From India, Ahmadabad
Basically there are two types of training
1. On the Job Training (OJT)
2. Off the Job Training
ON THE JOB TRAINING
Managers have two powerful ways of improving the performance and productivity of their subordinates, which are counseling and on the job training.
Counseling is the process of helping a subordinate define and resolve personal problems that effect performance or in order to develop a good attitude to work.
On the job training is the process of explaining, demonstrating and the structured supervision of specific skills or particular tasks. It is similar to the teaching process. On the job training is often referred to as OJT.
These are highly effective in three situations, which are:
Resolving people problems
All managers are faced with problem people from time to time. Counseling and training are always the first considerations in these cases but they do not always result in success and sometimes more radical action is required. This is covered in the Problem People and Positive Discipline modules.
Maintaining group standards
The management of people both as individuals and groups is a dynamic process as nothing remains static ? problems are always arising. A good manager must be aware of this and be constantly ready to use counseling and training to maintain standards.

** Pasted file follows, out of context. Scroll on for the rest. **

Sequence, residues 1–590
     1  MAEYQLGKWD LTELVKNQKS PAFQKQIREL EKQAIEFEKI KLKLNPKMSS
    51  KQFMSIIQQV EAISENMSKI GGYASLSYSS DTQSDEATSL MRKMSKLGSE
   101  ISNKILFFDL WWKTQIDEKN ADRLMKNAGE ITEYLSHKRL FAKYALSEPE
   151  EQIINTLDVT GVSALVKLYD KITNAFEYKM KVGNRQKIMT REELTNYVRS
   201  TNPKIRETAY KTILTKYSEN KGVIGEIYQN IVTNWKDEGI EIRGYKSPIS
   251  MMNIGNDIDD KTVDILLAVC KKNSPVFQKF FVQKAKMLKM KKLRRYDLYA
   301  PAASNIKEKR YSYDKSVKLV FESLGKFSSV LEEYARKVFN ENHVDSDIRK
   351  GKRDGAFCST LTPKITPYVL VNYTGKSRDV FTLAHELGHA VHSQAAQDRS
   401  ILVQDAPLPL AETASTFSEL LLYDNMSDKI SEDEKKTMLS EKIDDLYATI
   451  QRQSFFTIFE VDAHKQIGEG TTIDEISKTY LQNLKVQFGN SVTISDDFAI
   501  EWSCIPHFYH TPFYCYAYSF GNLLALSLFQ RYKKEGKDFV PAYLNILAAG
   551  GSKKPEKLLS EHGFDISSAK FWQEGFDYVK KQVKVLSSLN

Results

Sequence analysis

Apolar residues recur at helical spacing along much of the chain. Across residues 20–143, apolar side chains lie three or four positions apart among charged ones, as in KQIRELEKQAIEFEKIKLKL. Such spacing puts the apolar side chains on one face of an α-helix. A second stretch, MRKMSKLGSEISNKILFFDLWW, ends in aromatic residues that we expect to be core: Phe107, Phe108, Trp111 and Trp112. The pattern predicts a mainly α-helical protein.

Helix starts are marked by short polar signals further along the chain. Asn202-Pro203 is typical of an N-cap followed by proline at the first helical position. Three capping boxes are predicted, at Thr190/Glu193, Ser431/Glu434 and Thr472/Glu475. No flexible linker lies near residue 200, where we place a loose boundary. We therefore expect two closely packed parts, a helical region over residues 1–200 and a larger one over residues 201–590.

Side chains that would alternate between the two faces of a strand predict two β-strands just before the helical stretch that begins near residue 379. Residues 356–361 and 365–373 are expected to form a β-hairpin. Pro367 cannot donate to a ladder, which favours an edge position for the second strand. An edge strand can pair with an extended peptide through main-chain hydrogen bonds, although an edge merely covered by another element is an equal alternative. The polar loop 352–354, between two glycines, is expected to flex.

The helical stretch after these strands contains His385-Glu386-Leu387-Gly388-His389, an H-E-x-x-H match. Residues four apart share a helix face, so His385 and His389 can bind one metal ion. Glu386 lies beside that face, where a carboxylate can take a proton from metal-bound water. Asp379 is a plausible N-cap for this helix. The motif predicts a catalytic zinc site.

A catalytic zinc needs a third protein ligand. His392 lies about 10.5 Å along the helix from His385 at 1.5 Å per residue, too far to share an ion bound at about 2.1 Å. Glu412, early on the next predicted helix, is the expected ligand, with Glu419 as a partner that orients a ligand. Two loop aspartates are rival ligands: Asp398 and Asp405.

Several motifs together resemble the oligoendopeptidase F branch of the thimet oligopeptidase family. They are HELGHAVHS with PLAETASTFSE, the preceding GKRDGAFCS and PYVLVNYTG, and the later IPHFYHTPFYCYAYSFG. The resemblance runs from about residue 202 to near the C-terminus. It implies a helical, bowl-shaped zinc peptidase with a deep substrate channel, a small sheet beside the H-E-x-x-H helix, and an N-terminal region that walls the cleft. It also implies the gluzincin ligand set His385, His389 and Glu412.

To achieve continuous improvement
The best way to avoid problems is to keep ahead of them by being proactive. You must have a plan for each individual in your group and for the group as a whole. In particular new and inexperienced group members need special treatment so that they can meet required levels of performance.
Counseling and training share many of the same skills and in many cases they are used together to achieve your results.
The following are typical signs of change to look for then you must decide to initiate the counseling or training (or both) initiatives.
TYPICAL SIGNS OF NEED FOR HELP
Avoids difficult work
Lack of interest
Delegating to others
The most important sign to look for is a change in behavior or performance. For example, if a an employee who has always been well behaved, with a pleasant disposition suddenly becomes aggressive you can bet on him having some problem that needs counseling.
On-the-job counseling is a process of talking about things that affect the performance of the work. It involves sitting down in some quiet place and getting job problems out in the open without hurting each other.
It's all about talking, listening, and trying to understand the other person's point of view. All supervisors are counselors whether they realize it or not. Sometimes a long heart-to-heart talk is needed to clear the air or a quick exchange will clear up a misunderstanding. Perhaps the supervisor does most of the talking; the next time it may be the other way around. However, counseling is more than a casual discussion resulting from an accidental encounter.
Counseling is a very effective management tool to increase productivity by solving problems and strengthening or repairing working relationships. Other kinds of problems of a personal or psychological nature should be avoided and left to professionals in that field.
On the Job training
Training is almost a natural human instinct. We all train our children without even thinking about it but when we have the job of training someone at work we find problems.